At the center of the coat-of-arms is a sea lion, which is adopted from the coat-of-arms of the city of Manila. It has the arms, head, and upper body of a lion, and the tail of a sea creature. The sea lion on the coat-of-arms of arms was adopted from the coat-of-arms of the Spanish kingdoms of Castile and León and was granted in 1596. Because the Philippines was an overseas (Ultramar) colony, the lion became a sealion.
The seal was first used by President Manuel Roxas in 1947. It was patterned after the Seal of the President of the United States which in turn was patterned after the Great Seal of the United States, and designed by Captain Galo Ocampo of the Philippine Heraldry Committee, who also designed the Coat of Arms of the Philippines. The seal was officially prescribed on January 7, 1947, when Executive Order No. 38 of 1947 was signed into law. It prescribed the seal as:
SECTION 1. The coat of arms of the President of the Philippines shall be of the following design:
SHIELD: the eight-rayed Philippine sun rayonnant; on the center an equilateral triangle in gules; over-all the traditional lion (ultramar) of the ancient or original coat of arms of the City of Manila on guard with sword or at hilt; on three points of triangle three mullets
SEC. 2. The seal of the President of the Philippines shall consist of the coat of arms of the President of the Philippines encircled by the words 'Seal of the President of the Philippines'.
On July 4, 1951, President Elpidio Quirino, signed Executive Order No. 451 into law prescribing that:
“ ...the color of the sun and the sea lion shall be in golden yellow and, additionally provide that the design shall be surrounded by stars forming an amulet in a number equivalent to the number of provinces of the Republic as of 04 July 1951. ”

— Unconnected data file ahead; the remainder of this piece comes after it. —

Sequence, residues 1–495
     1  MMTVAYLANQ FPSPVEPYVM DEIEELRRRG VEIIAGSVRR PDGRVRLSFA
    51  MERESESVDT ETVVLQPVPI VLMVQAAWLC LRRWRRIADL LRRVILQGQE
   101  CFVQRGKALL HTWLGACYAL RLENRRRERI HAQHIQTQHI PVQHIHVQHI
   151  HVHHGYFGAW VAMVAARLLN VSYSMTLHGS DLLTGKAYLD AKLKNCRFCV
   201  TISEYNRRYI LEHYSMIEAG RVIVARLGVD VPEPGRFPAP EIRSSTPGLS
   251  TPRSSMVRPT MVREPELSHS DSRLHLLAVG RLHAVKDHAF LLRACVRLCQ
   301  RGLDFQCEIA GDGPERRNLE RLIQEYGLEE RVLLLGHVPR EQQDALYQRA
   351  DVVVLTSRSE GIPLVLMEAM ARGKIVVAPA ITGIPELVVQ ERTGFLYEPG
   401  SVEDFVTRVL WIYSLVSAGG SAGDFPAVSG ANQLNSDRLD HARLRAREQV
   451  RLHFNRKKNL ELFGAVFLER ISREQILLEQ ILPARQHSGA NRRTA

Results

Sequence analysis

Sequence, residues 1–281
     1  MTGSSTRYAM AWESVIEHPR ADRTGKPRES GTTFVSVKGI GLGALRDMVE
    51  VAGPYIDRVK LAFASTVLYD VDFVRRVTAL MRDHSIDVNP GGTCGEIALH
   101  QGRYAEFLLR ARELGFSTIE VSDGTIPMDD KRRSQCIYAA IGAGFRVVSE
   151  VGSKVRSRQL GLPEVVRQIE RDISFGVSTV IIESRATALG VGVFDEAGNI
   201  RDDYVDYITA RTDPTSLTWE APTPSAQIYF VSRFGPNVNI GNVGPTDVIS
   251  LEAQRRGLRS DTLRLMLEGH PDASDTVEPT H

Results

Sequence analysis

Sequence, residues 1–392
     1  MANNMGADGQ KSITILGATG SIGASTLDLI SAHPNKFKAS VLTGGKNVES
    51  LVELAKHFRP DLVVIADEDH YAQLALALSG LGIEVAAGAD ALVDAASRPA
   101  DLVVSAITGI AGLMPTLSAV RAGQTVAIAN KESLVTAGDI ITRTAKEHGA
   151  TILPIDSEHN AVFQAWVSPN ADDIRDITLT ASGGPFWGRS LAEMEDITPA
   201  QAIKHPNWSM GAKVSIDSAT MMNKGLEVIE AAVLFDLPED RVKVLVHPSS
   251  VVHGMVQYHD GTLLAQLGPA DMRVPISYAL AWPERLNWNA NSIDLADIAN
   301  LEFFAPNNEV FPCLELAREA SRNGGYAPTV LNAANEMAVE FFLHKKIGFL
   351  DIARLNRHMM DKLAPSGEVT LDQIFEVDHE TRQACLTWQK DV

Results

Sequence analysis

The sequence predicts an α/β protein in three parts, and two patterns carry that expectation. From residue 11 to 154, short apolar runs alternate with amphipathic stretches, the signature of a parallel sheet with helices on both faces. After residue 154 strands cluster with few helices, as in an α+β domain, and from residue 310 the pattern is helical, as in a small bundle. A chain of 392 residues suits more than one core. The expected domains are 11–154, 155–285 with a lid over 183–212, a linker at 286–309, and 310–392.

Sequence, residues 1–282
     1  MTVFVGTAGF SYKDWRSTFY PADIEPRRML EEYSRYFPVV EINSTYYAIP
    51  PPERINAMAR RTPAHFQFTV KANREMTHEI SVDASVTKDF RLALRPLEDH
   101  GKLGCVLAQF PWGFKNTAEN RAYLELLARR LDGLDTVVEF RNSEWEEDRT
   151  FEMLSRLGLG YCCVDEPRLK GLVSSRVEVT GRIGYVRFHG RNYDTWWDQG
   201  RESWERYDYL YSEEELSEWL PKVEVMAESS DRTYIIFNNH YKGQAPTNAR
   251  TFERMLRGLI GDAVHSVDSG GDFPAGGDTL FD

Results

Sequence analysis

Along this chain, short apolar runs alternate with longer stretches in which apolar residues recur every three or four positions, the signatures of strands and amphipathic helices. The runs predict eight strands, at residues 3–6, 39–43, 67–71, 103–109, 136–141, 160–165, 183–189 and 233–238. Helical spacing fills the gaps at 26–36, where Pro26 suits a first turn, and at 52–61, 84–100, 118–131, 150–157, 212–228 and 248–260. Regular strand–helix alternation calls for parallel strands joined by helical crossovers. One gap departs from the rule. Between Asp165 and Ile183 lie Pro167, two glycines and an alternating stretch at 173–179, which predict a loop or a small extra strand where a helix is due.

At the time of signing, the Philippines had 52 provinces.
On August 27, 1998, President Joseph Estrada signed Executive Order No. 19, amending Executive Orders No. 38 of 1947, as amended, in view of the fact that since July 4, the number of provinces has increased to 78 and that there is a need to continuously change the number of stars in the amulet to match the number of provinces in the country at a given time.
After Estrada's Executive Order came into law, Roxas's Executive Order read:
Section 1. The Coat of Arms of the President of the Philippines shall be of the following design:
Shield: the eight-rayed Philippine sun rayonnant in golden yellow; on the center, an equilateral triangle in gules (red); overall the traditional sea lion of the Coat of Arms granted to the City of Manila in 1596, on guard with sword, or at hilt and one mullet in golden yellow in the corner of each of the three angles of the equilateral triangle: one mullet representing Luzon; one, Visayas; and another, Mindanao.
The whole, surrounded by stars in the form of an amulet with one point of each star outward on the imaginary radiating center lines, the number of stars conforming to the number of provinces of the Republic at any given time.